Dec. 5 (UPI) -- Researchers from Doximity, a healthcare networking company, found that in many parts of the United States, the need for doctors is in high demand, a report says.
They poured over 8,000 physician job advertisements throughout large U.S. metropolitan areas in 2017 and 2018, and found a 7 percent year-over-year uptick in job growth, along with a healthy spike in compensation for doctors in various regions throughout the country.
Tucson, Los Angeles, Chicago, Little Rock and Baltimore had the biggest need for doctors, according to the study.
Meanwhile, Little Rock, Des Moines, Omaha, Milwaukee and Philadelphia saw the biggest jumps in compensation for physicians.
"The economy saw strong growth this year, and the healthcare sector was no exception," Amit Phull, vice president of Strategy and Insights at Doximity, said in a press release. "However, the demand growth we're finding seems to be outpacing the strong economy, and it's possible that this represents an early warning of demand outstripping the available supply of medical talent."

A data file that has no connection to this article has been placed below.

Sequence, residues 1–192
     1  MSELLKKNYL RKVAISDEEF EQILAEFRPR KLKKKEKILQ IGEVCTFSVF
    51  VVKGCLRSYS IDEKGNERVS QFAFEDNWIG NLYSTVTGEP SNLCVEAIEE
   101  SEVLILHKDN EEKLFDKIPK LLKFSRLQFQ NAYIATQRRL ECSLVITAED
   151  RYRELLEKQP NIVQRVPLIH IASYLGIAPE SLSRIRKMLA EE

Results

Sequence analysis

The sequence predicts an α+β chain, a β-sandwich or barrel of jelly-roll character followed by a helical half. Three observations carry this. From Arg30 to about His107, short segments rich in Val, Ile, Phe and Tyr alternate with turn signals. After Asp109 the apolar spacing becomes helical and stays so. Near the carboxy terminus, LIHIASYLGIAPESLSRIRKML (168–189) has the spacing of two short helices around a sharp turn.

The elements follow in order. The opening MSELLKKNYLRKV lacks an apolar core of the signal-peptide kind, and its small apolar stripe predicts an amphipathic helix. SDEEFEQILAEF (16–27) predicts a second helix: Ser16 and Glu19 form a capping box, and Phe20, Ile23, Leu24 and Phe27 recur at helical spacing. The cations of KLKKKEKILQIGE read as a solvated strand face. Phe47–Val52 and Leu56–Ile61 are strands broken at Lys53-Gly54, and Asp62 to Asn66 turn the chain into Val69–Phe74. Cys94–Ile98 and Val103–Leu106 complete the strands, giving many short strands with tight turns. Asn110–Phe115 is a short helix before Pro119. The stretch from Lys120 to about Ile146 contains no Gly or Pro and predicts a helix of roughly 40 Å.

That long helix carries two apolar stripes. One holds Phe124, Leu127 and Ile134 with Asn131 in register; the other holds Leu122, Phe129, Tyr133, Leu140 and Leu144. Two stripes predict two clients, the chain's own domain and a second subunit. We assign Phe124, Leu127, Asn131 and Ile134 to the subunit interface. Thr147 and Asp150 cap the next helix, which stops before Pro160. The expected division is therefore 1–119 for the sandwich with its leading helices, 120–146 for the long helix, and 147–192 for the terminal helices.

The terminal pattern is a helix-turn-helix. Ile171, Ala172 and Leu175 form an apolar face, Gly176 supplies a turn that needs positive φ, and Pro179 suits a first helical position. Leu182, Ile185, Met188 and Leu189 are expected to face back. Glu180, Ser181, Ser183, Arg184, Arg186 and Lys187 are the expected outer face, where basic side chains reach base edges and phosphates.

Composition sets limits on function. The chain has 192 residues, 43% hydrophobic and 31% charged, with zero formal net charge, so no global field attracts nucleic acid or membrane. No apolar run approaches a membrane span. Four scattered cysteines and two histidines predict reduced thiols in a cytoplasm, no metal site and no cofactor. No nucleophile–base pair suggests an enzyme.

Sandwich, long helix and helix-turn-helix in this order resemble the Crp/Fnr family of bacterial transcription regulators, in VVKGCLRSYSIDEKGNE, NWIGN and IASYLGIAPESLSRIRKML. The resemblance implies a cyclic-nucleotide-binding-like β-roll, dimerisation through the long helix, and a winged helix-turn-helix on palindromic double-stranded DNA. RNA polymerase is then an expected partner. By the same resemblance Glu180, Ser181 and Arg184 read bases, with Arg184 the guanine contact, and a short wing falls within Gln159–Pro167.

The research showed an unevenly distributed growth pattern of demand for physicians around the United States.
Overall, the Bureau of Labor Statistics says the healthcare market added 323,000 jobs over the last year.
The researchers don't anticipate a rise in demand for physicians in all parts of the country in 2019 due to possible changes in some government health care programs. Uncertainty on the future of Medicare and Medicaid, as well as a possible repeal of the Affordable Care Act could shift the number of people who have access to affordable health care.
"The 2018 Doximity data indicates significant growth in demand for physicians," said Christopher Whaley, the report's lead author and adjunct assistant professor at the University of California, Berkeley School of Public Health. "Other research has shown that there are numerous factors driving physician demand, including an aging population that requires more medical services and increased administrative tasks for doctors."